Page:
First the bad news…

On Wednesday I found out I am not just a teacher.  I need the book of Philippians.  I woke up troubled and tired. I was troubled by duties and tired of my sin.  What could I write in my journal but, “Thank you, Lord, that you never tire of me.”

Next,  I wrote down the list of troubles, downloading them before the Ever-patient One.  With my mind cleared, I read all of Philippians one more time.  As I read I asked question #3, What am I bringing to this book? That was obvious! I was bringing troubles. Troubles tempt me to feel discouraged about my life.  They remind me how incomplete I am, how far short I fall from being the kind of Christian I would like to be.

With my need before me, I began to connect verses from the beginning, middle, and end of the book.  God  lined them up to speak courage to my heart. 

For I am sure of this, that he who began a good work in you will bring it to completion at the day of Jesus Christ. I am incomplete, but God is not finished yet. 

Convinced of this, I know that I will remain and continue with you all, for your progress and joy in the faith…” My progress in the faith is the will of God and will bring me joy. 

Work out your own salvation…for it is God who works in you…The fact that he is working gives me confidence to work out my salvation in specific obedience. 

I press on to make it my own, because Christ Jesus has made me his own. The fact that Jesus has grabbed a hold of me, makes me bold to grab hold of him. 

I can do all things through him who gives me strength. My strength in troubles and sin comes from Him, not from redoubling my efforts.

I brought discouragement to the book; it gave encouragement in Christ (2:1) to me.

Now on to some other matters:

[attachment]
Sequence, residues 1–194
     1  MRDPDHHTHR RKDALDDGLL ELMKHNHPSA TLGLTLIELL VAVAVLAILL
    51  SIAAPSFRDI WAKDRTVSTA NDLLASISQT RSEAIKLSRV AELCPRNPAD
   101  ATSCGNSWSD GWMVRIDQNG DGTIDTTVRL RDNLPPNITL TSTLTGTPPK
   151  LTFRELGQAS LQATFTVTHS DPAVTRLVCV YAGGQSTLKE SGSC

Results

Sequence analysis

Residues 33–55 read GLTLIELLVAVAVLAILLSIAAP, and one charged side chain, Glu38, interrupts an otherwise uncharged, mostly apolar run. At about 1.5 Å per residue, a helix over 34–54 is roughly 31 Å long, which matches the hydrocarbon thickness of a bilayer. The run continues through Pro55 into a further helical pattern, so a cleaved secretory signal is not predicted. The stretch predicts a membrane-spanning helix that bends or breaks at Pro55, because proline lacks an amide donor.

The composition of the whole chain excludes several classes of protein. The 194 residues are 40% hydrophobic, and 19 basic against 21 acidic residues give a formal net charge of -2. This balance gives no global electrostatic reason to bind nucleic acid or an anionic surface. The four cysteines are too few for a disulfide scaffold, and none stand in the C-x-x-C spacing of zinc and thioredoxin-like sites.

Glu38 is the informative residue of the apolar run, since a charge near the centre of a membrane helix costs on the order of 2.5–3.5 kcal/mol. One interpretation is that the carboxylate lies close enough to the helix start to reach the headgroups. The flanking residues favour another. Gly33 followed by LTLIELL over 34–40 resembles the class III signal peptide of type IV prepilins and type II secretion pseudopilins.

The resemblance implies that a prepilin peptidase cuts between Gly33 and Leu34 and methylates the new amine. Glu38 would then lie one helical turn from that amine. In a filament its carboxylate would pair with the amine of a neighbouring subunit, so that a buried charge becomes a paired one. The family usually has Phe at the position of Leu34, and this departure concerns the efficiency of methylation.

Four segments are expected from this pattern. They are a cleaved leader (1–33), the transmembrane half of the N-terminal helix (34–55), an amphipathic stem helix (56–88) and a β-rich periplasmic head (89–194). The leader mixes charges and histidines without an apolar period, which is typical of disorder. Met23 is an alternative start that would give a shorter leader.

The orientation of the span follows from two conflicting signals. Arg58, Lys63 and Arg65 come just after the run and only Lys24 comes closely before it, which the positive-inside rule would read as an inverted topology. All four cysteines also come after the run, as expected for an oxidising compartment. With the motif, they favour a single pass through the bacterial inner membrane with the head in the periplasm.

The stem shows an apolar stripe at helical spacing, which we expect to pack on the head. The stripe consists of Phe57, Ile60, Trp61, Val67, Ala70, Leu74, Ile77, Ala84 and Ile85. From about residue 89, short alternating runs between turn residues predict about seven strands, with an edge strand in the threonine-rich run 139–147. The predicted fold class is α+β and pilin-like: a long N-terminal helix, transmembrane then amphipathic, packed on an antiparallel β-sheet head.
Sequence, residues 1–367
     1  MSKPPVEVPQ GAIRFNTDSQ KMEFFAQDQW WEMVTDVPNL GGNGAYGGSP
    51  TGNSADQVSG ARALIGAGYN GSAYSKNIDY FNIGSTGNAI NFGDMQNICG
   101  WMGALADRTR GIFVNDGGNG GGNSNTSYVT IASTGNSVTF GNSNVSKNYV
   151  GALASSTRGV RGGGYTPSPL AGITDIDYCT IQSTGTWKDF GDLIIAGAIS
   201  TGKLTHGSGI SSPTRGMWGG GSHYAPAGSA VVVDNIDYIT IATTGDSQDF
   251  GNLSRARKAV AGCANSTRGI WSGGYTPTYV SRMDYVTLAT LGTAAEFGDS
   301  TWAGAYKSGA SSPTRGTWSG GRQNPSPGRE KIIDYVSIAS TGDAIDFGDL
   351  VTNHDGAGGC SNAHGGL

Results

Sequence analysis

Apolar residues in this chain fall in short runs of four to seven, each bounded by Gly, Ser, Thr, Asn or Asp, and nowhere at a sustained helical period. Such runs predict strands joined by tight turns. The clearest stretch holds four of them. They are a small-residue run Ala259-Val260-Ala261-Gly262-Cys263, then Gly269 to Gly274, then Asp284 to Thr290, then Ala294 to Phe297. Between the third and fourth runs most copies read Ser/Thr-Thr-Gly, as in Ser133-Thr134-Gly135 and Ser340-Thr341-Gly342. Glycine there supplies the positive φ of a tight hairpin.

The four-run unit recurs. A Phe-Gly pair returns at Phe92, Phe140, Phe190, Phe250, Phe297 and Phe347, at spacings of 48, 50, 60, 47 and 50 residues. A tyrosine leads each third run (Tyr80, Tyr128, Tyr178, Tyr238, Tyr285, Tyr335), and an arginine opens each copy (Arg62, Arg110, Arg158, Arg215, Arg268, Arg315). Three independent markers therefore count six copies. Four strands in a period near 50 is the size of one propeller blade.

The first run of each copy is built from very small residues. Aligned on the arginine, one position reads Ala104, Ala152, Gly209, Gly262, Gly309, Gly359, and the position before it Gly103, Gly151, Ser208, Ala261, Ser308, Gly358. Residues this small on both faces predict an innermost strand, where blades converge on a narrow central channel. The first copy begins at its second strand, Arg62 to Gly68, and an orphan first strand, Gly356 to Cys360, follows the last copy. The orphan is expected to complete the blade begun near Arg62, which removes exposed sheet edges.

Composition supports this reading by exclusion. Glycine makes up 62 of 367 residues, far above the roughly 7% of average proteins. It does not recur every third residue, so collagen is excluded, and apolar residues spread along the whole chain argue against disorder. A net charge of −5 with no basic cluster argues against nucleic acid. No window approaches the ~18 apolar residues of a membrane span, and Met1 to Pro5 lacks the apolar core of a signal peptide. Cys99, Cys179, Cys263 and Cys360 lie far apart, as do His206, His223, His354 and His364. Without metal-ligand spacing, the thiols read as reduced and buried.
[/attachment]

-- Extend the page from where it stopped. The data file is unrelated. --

Background. If you don’t have a study Bible, here are a few background notes.  Paul wrote this letter from prison in Rome about AD 62.  He spent his time chained to a guard in a small home. He could have guests, but he could not leave.  As the guards changed shifts, he had the opportunity to share the gospel with many of them.  Apparently some were converted. (Phil 4:22).

The church at Philippi was the first church in Europe.  God redirected his plans in a vision (Acts 16).  Philippi was a big city, located on the “Egnatian Way”, an important Roman commercial route.  That’s why a woman like Lydia, who traded in expensive fabric, lived there.  The city was a mix of socioeconomic classes, and so was the church.  The first members were a jailer, a former demoniac-medium, and a wealthy merchant.  That made unity a challenge to be met in the power of the Spirit.

Overview. According to the ESV study Bible The chief theme of Philippians is encouragement. I think we would agree with that.  The comments that were posted on the blog landed right on 2 of the 3 other characteristics of the book (thanks Natalie and Candy…) Philippians is unified by 1.) its joyful, almost exuberant mood (the words for “joy” or “rejoice” occur more than a dozen times.) 2.) by the strong personal relationship between its author and its recipients (a relationship that is almost constantly in view, from the beginning of the letter to the end); 3.) and by the many connections Paul draws between the saving work of Jesus Christ and the servant ministry of his followers, who are called to live and die according to His pattern.

What about you?  What in your life or in this letter spurs you on to receive the encouragement God has for you?

6 comments on “First the bad news…

  1. Natalie Cooper says:

    Yesterday morning I woke up troubled, angry, bitter and just plain sinful. My son came down with the flu this week after having an ear infection last week. This caused me to fall into despair. I asked the Lord “why? now I cant help my sister with my new nephew, Lord I wanted to clean her house do her laundry. why? now I can’t do this and cant do that?” As I read Phillipians again I felt God telling me…Look up and outward Natalie to your wonderful savior and specifically to Phillipians 4:4-7 “Rejoice in the Lord always, again I will say, Rejoice. Let your resonableness be known to everyone. The Lord is at hand; do not be anxious about anything, but in everything by prayer and supplication with thanksgiving let your requests be made known to God. And the peace of God, which surpasses all understanding, will guard your hearts and your minds in Christ Jesus. Ahhh how I am so thankful to be nourished by God’s living word!

  2. rondi says:

    Sweet. Real life connects to the Real God. He’s so faithful to meet us more than halfway. Thanks for sharing this Natalie.

  3. Amanda Peet says: